Jesse’s gun, dryly designated the Service Weapon, is made up of little quivering cubes; true to its name, these realign to provide a range of services. The barrel flattens out to form a shotgun, or spins and spits like an Uzi. It’s upgradable and customizable, with tiered perks for you to encrust it with (+10% damage, 20% chance to regain ammo etc.). And Jesse herself can be buffed and charged, increasing her hang time while floating (by far the most fun of her abilities), for instance, or piling on the damage done by hurling debris. Seeing as the Hiss slope upwards in numbered difficulty levels, the pace of your progress is measured and marshalled – slightly superficially – by these upgrade trees. They are rather like a pair of inoffensive in-laws – worth popping in on every now and again, to strengthen your standing, but largely ignorable.
It’s the underlying, and unadorned, action that rules the day. Firing a few rounds in Control, you wonder why it is that some developers just get it, and others don’t; gunfire is hot, it crackles with recoil, so much so that Jesse rubs her shoulder between firefights, and the crunch of collateral damage is richly textured – papers fly, stone sprays, and desks are churned into chipping. These make all the more of an impression for being the only real signs, as the gunsmoke clears, that any killing has taken place; your foes, ex-employees hijacked by the Hiss, melt into a rainbow-hued blur, along with any wisps of lingering guilt you might feel. These aren’t the sort of mournful battles in which victory is tinged with woe; they are the high-spirited kind that belong in a crammed cinema on a Saturday night, best accompanied with copious amounts of beer and popcorn.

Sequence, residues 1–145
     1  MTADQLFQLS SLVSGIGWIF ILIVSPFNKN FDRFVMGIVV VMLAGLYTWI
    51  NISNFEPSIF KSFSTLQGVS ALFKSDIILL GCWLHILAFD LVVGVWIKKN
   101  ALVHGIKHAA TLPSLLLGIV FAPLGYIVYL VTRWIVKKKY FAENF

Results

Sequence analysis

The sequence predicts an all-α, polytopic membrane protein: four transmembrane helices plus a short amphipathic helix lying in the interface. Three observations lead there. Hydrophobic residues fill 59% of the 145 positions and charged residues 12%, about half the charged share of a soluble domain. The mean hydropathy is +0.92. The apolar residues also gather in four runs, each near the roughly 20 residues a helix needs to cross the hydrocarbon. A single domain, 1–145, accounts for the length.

And I doubt that Sam Lake, the game’s creative director, would want it any other way. Control bears the imprint of Lake’s love of FMV. It’s there in the archival videos you collect, recorded by the FBC’s head scientist, Dr Darling – which hark back to the kooky Dharma Initiative films, in Lost. There are flashes of it in the ghostly visions of the bureau’s old director (played by James McCaffrey, who voiced Max Payne). And we occasionally see Courtney Hope, who plays Jesse, in the flesh. And I’m still not sure why. It shifts from a style to a schtick, a pulpy reminder that you are playing a Remedy game, which some will find enormously reassuring. But they cramp the beauty of the cutscenes elsewhere, which are brought to uncanny life in the Northlight Engine. And the story feels split, as though the powerlines of its plot are plugged into different sockets.